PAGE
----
Western powers bear “criminal responsibility” for Rwanda’s 1994 genocide because they did not care enough to stop it, the commander of the beleaguered U.N. peacekeeping force at the time said on Tuesday.
“The international community didn’t give one damn for Rwandans because Rwanda was a country of no strategic importance,” Canadian General Romeo Dallaire told a conference in Kigali marking the 10th anniversary of the slaughter.
“It’s up to Rwanda not to let others forget they are criminally responsible for the genocide,” he said, singling out France, Britain and the United States. “The genocide was brutal, criminal and disgusting and continued for 100 days under the eyes of the international community.”
Dallaire, 57, is making his first return visit to the tiny central African country since 1994 to present Rwandans with his memories of the bloodshed and make recommendations for future peacekeeping missions.
Almost alone among representatives of the international community at the time, Dallaire is popular among many in the devastated country today because he worked incessantly, albeit in vain, to prevent the massacres.
The retired Canadian soldier has been deeply traumatized by his mission’s failure to prevent the deaths of some 800,000 Tutsis and Hutu moderates, butchered by Hutu extremists who often killed with machetes and spiked clubs.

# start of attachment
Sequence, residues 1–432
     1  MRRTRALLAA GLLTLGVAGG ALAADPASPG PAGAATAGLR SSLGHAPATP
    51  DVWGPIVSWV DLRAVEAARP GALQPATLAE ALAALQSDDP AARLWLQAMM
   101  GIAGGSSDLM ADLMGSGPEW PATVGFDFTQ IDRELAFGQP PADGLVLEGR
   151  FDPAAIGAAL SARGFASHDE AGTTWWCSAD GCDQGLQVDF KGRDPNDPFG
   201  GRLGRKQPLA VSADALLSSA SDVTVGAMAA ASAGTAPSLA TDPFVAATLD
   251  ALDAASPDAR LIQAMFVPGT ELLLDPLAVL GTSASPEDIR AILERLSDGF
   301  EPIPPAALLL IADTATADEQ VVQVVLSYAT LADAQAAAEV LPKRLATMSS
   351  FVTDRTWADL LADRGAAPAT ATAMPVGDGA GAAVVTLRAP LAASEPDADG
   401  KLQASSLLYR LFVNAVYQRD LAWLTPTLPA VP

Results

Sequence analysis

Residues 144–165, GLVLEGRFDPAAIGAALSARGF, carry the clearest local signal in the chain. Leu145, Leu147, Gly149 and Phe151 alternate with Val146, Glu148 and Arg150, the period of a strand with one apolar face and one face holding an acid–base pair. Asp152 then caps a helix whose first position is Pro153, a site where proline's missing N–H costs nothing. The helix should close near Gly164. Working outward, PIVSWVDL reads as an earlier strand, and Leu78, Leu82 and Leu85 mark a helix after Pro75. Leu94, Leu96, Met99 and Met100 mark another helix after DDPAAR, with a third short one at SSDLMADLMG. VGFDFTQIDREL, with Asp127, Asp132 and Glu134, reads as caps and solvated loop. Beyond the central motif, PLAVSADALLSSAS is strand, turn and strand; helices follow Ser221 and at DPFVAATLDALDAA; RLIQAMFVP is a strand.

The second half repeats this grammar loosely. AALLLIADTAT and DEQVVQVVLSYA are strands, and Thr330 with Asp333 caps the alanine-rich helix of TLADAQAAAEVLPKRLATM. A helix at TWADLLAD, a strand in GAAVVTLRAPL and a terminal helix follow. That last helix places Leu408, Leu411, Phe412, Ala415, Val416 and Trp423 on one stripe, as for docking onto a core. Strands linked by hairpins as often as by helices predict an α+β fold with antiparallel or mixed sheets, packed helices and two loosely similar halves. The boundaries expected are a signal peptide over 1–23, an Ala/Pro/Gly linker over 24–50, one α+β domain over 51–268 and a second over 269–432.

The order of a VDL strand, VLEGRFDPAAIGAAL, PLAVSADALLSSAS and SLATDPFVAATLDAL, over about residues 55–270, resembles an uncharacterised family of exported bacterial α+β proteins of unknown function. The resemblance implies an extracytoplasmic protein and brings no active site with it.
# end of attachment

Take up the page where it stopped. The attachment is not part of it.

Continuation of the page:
Rwanda’s genocide began on the night of April 6, 1994, after the shooting down of a plane carrying the Rwandan and Burundian presidents, who both died in the crash near Kigali.
Dallaire battled for a more robust U.N. peacekeeping mission with a mandate to stop the killings, but Security Council members voted instead to slash his force from 2,500 troops to 450 poorly trained and ill-equipped men.
Dallaire said on Tuesday events in Somalia in 1993, when 18 U.S. troops supporting a U.N. peace mission were killed in a firefight, had created a “fear of casualties” in the West.
Rwandan President Paul Kagame called Dallaire “a good man caught up in a mess” at the opening of a conference on genocide prevention on Sunday, launching a week of memorial events planned to mark the tenth anniversary of the genocide.
Kagame led the rebel army which ousted the extremist Hutu government that planned and carried out the three months of mass killings initially ignored by world leaders.
Ordinary Rwandans also expressed admiration for Dallaire, who was so affected by his mission’s failure that he suffered post-traumatic stress and was once found passed out drunk on a park bench in Ottawa after trying to commit suicide.
“Dallaire only failed Rwanda because he tried to save us. The world and the U.N. didn’t fail Rwanda because they never even tried,” said Beatha Uwazaninka, a 24-year-old who escaped death by hiding under a pile of dead bodies.
“He is a good friend because he was in hell with us for three months,” Uwazaninka said, adding that she knows a number of people Dallaire’s few brave troops rescued from certain death. “I wish all U.N. soldiers were like him,” she said.
Although widely regarded as a hero who tried, repeatedly but in vain, to alert the world to Rwanda’s plight, Dallaire shuns suggestions that he played a heroic role in a modern tragedy.
“There’s absolutely no solace in saying I did the best I could. That is not going to erase the suffering of one million people. I would find that the most insulting, self-righteous goddamn thing to say,” Dallaire told The New York Times Magazine at the weekend.